In every large art collection built up over several centuries, there exists the possibility that some works may not be quite what they have long been thought to be. Detailed research or new information revealed through fresh examination or conservation work may call into question accepted identifications and attributions. This investigative process, and the thrill of new discoveries, certainly makes the role of a museum curator interesting.
The portrait collection of the University of St Andrews is no exception. Established in 1765, with the donation of an oil portrait of David Steuart Erskine, Lord Cardross, later 11th Earl of Buchan, from Cardross himself, it now contains over 100 works.
Cardross had studied at the university from 1755 to 1759: a Latin inscription on the reverse of the portrait records that he had presented it as ‘a monument’ of his ‘extreme dutifulness and gratitude’ for the education he had received at St Andrews.
The portrait collection at St Andrews grew steadily over the centuries and consists mainly of oil paintings of university chancellors, principals, professors, rectors, alumni and benefactors, many of whom are recognised figures in the social, cultural, intellectual, scientific or political development of Scotland.
Sometimes misattributed works have been reidentified relatively easily. A painting of ‘The Admirable Crichton by Titian’ was donated by Captain A. E. Borthwick around 1945. James Crichton (1560–1583?), who had studied at St Salvator's College from 1570 to 1575, was one of the most celebrated scholars that St Andrews ever produced. Reputed to be fluent in ten languages, after graduating he travelled on the Continent, where he proved to be an excellent fencer and horseman, and triumphed over various eminent professors in public debates.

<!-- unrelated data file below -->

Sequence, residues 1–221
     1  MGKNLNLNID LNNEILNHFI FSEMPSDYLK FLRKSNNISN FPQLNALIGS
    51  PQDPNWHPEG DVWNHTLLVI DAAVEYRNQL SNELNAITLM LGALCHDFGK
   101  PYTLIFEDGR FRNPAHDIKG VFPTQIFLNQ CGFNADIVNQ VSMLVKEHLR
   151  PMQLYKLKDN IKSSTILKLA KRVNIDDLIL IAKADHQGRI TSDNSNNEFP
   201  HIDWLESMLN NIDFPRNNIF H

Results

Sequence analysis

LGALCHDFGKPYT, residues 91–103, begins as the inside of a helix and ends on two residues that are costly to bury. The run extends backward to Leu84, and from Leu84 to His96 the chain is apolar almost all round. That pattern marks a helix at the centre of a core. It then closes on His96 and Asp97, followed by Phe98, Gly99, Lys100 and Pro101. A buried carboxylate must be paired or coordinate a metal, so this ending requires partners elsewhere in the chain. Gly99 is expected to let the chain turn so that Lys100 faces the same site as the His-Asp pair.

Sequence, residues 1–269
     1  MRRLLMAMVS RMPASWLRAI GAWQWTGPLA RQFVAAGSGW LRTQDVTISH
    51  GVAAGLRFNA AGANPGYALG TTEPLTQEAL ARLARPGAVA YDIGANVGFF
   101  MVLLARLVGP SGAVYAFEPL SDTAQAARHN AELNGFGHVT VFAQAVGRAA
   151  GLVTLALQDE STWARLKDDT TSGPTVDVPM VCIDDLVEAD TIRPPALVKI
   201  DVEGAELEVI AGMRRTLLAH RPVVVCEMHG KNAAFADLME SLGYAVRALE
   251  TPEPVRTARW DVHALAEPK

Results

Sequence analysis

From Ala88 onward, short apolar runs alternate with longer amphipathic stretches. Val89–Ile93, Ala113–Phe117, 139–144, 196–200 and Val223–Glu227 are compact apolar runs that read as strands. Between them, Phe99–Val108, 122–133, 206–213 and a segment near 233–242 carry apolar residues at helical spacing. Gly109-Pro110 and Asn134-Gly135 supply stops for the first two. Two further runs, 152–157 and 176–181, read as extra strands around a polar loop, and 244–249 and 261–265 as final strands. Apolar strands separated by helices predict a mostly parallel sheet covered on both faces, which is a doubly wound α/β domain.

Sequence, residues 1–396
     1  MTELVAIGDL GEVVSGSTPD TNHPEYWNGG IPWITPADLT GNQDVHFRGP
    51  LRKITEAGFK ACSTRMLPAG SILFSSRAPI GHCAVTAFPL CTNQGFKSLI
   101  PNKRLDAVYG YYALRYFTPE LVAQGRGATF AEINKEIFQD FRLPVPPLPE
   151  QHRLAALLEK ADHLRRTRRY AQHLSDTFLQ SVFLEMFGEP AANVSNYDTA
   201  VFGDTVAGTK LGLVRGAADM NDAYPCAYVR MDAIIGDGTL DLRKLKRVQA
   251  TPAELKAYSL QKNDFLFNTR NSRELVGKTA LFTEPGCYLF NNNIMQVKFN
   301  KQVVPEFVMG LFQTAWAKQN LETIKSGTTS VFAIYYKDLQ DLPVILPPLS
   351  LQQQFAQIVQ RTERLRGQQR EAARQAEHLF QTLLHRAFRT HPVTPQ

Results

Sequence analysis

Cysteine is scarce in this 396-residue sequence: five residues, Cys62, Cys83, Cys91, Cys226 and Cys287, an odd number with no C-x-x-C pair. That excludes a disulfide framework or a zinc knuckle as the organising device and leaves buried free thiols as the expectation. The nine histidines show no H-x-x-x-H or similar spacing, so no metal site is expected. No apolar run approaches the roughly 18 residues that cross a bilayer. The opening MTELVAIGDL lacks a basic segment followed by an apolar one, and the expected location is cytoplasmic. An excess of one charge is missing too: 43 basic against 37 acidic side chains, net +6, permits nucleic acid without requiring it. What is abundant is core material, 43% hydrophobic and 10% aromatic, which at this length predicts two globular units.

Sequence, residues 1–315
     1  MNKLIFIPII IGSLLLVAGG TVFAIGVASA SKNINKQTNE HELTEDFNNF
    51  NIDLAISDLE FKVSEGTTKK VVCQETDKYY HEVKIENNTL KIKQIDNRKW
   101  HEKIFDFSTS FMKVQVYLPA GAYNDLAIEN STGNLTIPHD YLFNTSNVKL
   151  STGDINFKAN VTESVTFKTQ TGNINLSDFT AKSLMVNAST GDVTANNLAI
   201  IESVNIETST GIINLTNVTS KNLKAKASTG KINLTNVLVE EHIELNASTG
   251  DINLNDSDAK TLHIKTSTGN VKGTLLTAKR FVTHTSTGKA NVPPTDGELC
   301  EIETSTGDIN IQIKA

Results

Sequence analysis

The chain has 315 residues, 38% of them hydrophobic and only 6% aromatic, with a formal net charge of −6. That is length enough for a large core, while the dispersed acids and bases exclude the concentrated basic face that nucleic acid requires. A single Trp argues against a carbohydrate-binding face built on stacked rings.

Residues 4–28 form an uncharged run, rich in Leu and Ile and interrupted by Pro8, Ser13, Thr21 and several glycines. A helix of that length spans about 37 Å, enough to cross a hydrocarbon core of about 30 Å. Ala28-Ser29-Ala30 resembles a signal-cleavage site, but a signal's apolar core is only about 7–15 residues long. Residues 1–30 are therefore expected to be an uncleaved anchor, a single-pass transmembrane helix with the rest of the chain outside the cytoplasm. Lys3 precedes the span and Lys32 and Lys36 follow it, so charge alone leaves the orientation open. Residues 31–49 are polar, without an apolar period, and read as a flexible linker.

Unfortunately it was clearly apparent that the work was not of the quality of Titian, and this threw the identification of the subject as Crichton into doubt too. Investigation showed that it was actually a copy of a portrait of an unknown young man by Domenichino. The original is now in the Grossherzoglich Heissisches Landesmuseum, Darmstadt. Borthwick’s ancestor had purchased the work in Paris in 1821: perhaps some unscrupulous dealer had played on his likely interest in a famous Scottish figure in order to shift the painting.
Happier discoveries are occasionally made. A badly overpainted portrait of Archbishop James Sharp, Chancellor of the University (1661–1679), famously murdered on Magus Muir outside St Andrews by local lairds who opposed his harsh suppression of Presbyterianism, was long thought to be a poor copy of a lost portrait by Sir Peter Lely, court painter to Charles II.
Conservation in the 1990s, including the removal of the thickly applied overpaint, revealed a portrait of brilliant quality. Research into the provenance discovered that the last owner, on whose death without heirs the work had been sold, was a direct descendant of Sharp through the female line. Her father had lent the work to an exhibition at the Victoria and Albert Museum in London in 1866 in the catalogue of which it had clearly been identified as a Lely: this was presumably previous to the botched restoration work which had hidden its importance. Since the University acquired the portrait in 1950 for £26.5s, it has proved quite a bargain.